Dog bite victims, who are eligible for compensation from the government, seem reluctant to come forward to claim damages.
Though around two lakh cases of street dog attacks are being reported annually from the State, the Siri Jagan Committee appointed by the Supreme Court to decide on compensation for victims has so far received only around 5,000 applications.
Going by the number of reported dog bites, the commission ought to have received at least six to seven lakh applications by now. The number of applications is not reflecting the bite incidents, says S. Siri Jagan, panel head and former judge of the Kerala High Court.
Since its formation in 2016, compensation has been recommended in 818 cases and damages provided to 749 persons. Compensation for another 137 applicants is pending, he says.
Poor awareness about the compensation scheme may be the reason for the poor public response. It is also found that mostly people from low economic backgrounds fall prey to dogs, says Mr. Siri Jagan.
The applications can be sent to the panel office which is functioning from the UPAD Buildings on Paramara Road, Kochi 682 018. Documents supporting the claim including hospital bills, outpatient tickets, and the loss suffered shall be submitted.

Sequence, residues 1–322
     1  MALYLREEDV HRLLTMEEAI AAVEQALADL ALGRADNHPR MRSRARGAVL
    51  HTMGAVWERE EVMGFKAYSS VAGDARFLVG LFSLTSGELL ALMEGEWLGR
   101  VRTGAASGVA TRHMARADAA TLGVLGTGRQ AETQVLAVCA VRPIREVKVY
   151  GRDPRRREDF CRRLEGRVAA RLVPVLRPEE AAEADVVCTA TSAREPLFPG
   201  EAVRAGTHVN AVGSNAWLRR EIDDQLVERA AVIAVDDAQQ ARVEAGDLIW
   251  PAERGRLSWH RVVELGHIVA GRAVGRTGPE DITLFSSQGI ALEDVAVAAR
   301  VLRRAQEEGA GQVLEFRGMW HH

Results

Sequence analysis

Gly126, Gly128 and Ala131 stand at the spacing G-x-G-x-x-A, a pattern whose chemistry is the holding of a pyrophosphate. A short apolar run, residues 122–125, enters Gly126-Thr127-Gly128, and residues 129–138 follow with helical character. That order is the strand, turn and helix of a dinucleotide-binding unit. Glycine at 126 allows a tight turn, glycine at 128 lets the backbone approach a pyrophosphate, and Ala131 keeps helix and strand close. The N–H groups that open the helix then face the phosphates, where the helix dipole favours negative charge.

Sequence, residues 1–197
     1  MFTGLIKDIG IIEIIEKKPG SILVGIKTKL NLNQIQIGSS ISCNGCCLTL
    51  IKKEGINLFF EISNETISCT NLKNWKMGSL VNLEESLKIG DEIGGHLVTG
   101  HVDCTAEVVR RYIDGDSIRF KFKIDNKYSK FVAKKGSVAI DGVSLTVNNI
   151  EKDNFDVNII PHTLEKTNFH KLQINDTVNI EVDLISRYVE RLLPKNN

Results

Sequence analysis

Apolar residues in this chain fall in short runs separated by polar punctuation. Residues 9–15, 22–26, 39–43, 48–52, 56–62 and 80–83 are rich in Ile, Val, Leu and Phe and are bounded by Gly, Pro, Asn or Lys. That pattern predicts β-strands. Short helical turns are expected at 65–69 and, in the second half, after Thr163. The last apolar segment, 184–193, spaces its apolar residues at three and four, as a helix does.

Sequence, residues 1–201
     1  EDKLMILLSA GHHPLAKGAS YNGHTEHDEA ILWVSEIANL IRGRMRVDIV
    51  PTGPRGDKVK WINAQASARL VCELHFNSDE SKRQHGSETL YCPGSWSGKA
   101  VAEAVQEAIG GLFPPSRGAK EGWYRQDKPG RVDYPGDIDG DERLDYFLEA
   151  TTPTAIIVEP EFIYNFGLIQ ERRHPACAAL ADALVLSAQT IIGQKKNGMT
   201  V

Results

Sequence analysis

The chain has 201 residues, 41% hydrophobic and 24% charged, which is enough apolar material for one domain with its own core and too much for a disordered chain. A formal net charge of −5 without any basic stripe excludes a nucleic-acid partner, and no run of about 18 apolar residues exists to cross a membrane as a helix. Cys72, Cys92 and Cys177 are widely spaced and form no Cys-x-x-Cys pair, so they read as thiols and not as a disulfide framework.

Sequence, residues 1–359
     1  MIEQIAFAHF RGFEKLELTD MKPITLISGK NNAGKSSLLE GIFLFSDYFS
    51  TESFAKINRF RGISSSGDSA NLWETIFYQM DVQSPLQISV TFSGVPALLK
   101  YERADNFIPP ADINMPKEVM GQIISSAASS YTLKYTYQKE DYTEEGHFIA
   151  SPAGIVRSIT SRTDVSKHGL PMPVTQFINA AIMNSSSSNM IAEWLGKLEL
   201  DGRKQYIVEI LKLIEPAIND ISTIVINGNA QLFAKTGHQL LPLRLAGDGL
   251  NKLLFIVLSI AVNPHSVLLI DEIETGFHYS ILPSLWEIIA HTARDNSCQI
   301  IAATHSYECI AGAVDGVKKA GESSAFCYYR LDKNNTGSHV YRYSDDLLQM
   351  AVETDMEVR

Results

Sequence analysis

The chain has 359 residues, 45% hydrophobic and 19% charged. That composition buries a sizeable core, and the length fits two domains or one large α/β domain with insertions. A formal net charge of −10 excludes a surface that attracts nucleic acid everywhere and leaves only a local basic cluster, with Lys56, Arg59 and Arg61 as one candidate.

Meanwhile, the lack of government support has hit the functioning of the panel. The commission chairman has so far shelled out around ₹1.5 lakh from his pocket for meeting stationary expenses for sending notices to the parties concerned. Despite highlighting the infrastructural inadequacies, the authorities have not responded. The panel had to call off sittings at district centres after the authorities failed to reimburse the room rent and other expenses for holding the sitting, adds Mr. Siri Jagan.
The Kerala State Legal Services Authority will step up the awareness campaign urging the victims to claim the compensation, says T. K. Nizar Ahamad, member secretary of the authority. The district units have been asked to support the victims file the application. Details can be obtained from the telephone numbers 0484-2396717 and the helpline 9846700100, he adds.